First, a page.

Our case in a nutshell
It's that the government, and the Information and Privacy Commissioner of Ontario (IPC), have misinterpreted FIPPA.
Our position is that section 65(5.7) of FIPPA cannot mean a ban on all materials related to the provision of abortion services, but must mean a ban on materials related to the provision of abortion services which contain personal information.
Remember that FIPPA has two goals: to make government documents public, and to protect personal privacy.
The amount of abortions and the cost of those abortions, is not personal information, and so keeping those private, do not match up with the goals of FIPPA.
Section 65(5.7) must then mean, and must have been intended, to cover only materials related to the provision of abortion services which contain personal information. This position supports a constitutional interpretation of FIPPA. Section 2(b) of the Charter protects your right to freedom of expression and freedom of the press.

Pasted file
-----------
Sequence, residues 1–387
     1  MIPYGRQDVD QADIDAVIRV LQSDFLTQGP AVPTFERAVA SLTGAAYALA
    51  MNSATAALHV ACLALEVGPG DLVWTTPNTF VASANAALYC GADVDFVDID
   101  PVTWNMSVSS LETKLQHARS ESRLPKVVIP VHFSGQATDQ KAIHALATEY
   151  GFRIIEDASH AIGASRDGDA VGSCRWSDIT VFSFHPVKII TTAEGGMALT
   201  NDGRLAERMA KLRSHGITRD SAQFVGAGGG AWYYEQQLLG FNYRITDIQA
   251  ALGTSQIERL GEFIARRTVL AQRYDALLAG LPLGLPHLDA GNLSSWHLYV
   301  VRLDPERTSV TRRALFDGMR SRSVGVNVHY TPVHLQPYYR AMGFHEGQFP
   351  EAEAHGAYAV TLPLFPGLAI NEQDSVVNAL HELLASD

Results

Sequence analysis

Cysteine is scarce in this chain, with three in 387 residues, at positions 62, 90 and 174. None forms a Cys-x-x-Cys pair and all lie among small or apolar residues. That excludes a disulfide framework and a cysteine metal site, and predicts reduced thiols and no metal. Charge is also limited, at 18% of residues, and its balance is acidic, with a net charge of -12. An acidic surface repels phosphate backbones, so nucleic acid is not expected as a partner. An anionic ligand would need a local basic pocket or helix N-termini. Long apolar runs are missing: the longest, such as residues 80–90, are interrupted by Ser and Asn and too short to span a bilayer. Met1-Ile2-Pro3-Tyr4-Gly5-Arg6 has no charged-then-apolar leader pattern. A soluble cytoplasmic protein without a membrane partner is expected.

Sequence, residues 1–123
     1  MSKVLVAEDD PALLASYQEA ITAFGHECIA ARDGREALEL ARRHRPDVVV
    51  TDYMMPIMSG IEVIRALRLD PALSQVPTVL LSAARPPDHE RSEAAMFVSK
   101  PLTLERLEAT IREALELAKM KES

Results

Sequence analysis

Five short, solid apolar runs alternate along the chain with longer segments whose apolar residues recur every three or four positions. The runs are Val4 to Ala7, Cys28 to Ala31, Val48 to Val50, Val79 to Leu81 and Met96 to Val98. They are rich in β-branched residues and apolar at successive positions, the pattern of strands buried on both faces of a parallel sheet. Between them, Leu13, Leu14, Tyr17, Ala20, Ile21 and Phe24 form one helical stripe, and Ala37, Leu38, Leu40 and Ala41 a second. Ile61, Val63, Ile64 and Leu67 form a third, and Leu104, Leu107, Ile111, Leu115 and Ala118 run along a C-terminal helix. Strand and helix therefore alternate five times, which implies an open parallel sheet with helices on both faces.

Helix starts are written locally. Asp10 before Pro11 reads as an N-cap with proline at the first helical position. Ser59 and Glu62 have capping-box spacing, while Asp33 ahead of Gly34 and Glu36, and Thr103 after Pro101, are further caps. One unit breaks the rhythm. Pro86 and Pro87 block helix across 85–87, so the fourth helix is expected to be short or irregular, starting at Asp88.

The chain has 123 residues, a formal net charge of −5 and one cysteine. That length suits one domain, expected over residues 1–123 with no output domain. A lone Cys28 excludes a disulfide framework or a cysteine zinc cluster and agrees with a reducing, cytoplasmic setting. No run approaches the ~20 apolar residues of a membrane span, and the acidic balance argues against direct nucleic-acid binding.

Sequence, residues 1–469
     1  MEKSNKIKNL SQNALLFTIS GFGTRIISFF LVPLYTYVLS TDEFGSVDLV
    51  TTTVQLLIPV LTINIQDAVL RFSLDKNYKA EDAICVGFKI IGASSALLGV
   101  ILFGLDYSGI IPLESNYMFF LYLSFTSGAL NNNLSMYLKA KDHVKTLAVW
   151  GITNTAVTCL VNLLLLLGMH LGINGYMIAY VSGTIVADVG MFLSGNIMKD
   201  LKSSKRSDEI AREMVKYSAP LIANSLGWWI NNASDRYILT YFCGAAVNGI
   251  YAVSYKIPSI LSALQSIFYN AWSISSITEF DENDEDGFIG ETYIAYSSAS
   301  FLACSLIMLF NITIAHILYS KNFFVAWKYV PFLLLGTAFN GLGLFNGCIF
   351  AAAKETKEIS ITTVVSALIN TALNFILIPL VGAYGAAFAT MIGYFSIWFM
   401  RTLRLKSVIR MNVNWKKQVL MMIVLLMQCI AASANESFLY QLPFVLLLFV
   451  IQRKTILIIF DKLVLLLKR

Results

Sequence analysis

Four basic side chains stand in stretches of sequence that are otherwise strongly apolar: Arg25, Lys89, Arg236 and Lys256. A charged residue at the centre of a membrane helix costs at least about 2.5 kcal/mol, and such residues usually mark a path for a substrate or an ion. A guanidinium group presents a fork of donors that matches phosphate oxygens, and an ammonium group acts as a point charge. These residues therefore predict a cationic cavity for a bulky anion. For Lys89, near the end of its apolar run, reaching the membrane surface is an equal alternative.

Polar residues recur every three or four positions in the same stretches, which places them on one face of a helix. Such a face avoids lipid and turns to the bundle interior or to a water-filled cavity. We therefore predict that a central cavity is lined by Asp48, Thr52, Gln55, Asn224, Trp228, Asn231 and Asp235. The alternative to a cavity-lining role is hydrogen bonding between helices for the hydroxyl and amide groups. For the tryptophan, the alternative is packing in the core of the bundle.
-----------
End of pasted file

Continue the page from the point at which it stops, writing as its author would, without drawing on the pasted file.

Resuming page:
As a blogger, I benefit from freedom of the press.
In order for me to use my freedom of expression, and comment on issues of public importance, such as abortion and the use of taxpayer dollars, I need access to these documents.
The government and the IPC’s interpretation of section 65(5.7) results in a violation of my freedom of expression. It cannot therefore be a proper interpretation.